A Salute to Andy Mogren

Posted on September 2, 2014

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This year I spent my entire Labor Day lying in bed recovering from my friend Andy Mogren’s Minnesota-north-woods-cabin bachelor party. (Ohhyaaguy). There was far too much meat to digest, beer to metabolize, and sleep to catch up on to allow me to do anything else.

While I have zero regrets about the self-abuse just described, I DO regret not telling a better “Andy Mogren Story” when prompted.  And I’d like to rectify that here.

After dinner one night someone suggested, “Let’s all tell a story about Andy!”  I happened to be put on the spot second, and I hadn’t had enough time (or available brain-power) to think of something both funny and meaningful, so I just went with funny. This was a bachelor party after all; not Oprah. I wasn’t self-assured (or excusably intoxicated) enough to get all mushy around a group of dudes I didn’t know all that well. I panicked, quickly relating a brief tale that involved basement karoake, microphone penises, and a mylar balloon.

It was a passable story under the circumstances, but the only takeaway for the listener is “man, Andy can sure be wacky, amirite you guys?!”  There was more I wanted to say, and more I continued to think of saying as I experienced Andy-being-Andy throughout the rest of the weekend.


I first met Andy in a Thai restaurant slash laundromat in LA’s Koreatown neighborhood in 2009.  He had invited me to lunch to talk about showbiz or whatever since we were both from Minnesota, living in Los Angeles, making comedy sketches for the internet.

This is pretty much how most of my relationships started out there.  “Hey, you make stuff. I make stuff. We should make something together.” “You know this guy. I know that guy. Wanna grab lunch or coffee sometime?”  Some people you get close to, some you don’t.

That year in LA I worked and laughed with a lot of people on a lot of projects before I quit Hollywood.  When I left I felt like I had plenty of friends who I could call up and visit anytime.

Throughout the last five years, though, Andy is the only person of all of those people who has made any effort to maintain our friendship and professional relationship.  And I’m talkin’ ABOVEANDBEYOND style effort.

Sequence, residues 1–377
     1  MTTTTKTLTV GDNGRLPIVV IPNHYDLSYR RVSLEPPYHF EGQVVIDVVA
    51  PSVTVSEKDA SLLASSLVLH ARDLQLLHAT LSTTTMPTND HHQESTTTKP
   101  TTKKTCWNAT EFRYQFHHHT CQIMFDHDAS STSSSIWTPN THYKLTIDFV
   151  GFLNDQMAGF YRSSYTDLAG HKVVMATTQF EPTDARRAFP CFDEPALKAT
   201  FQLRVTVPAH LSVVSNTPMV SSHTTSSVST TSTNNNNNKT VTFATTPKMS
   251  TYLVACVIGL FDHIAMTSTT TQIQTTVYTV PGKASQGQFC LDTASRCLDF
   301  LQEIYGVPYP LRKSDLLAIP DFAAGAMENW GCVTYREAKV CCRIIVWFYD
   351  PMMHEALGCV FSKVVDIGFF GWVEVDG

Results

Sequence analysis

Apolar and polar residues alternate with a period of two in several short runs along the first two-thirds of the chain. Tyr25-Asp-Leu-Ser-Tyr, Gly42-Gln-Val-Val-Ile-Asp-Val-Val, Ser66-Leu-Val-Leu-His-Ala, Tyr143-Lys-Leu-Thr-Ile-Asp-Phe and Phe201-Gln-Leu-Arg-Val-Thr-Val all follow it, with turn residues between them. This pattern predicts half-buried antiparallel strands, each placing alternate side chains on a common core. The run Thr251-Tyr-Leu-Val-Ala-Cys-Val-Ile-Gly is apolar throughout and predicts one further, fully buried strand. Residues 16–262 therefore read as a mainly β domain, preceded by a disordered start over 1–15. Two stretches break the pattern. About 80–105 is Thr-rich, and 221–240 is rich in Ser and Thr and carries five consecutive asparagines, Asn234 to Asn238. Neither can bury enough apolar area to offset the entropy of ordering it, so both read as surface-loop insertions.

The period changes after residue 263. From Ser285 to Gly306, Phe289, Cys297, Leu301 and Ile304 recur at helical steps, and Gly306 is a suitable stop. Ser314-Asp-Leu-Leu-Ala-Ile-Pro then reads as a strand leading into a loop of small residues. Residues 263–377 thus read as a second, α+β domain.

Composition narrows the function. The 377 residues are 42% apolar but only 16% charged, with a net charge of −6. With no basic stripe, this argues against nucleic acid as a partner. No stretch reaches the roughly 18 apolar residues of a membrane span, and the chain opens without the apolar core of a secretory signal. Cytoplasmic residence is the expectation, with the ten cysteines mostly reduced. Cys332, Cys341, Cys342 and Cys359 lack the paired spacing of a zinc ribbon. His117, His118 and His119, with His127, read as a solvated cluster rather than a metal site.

Most of the time in Hollywood, people are only interested in you as long as you can help them with their careers.  That sounds super gross, but after my own experience, it’s hard to even blame them.  Scrambling your way up the fame ladder out there is fully-consuming.  If you’re serious about where you’re trying to get to it’s honestly more like “people CAN ONLY BE interested in you as long as you can help them with their careers.” So while it was disappointing, it wasn’t too surprising a few months after moving back to Minnesota when I messaged someone I considered a very close friend, saying “Hey, I’m thinking of visiting LA soon.  Can I take you up on that offer to stay at your place?” and getting zero response.

But Andy somehow has the superhuman heart that allows him to work his ass off everyday in Hollywood and still always include me (and I’m sure others) in his projects and his personal life.  And it’s not like the guy is hurting for friends or talented collaborators.  This former high school homecoming king is the most instantly likable, outgoing person I’ve ever met.  Anyone would jump at the chance (like I routinely do) to go see a Twins game or Tom Cruise movie with him.  AND, there are surely a ton of people in Los Angeles better suited than I (or at least more recognizable than I) to be cast, for example, as head of the Secret Service in Bear Force One, but Andy still goes above and beyond to always make room for me in his award-winning creations.

So Andy… besides the stuff about that time we smashed up a giant balloon with microphone dicks while singing Nickelback karaoke songs… I also wanted to say all that lame stuff too. Thank you for everything. It truly means a lot. You’re an inspiration. A model citizen. Other cliche but absolutely true things.

A trillion toasts to you, my friend — on your engagement — and also just your overall winningness at life.  When you make it big, you’re going to be that Tom Hanks type of celebrity.  The type whose work is universally beloved, but whose personality and humanity is loved even more.

You’re also a sick kneeboarder, bro.

And to the three or four people who will accidentally end up being the entire audience of this blog post after Googling “Nickelback parady” (sic) and clicking the wrong link, be sure to also check out Andy’s stuff.

 

 

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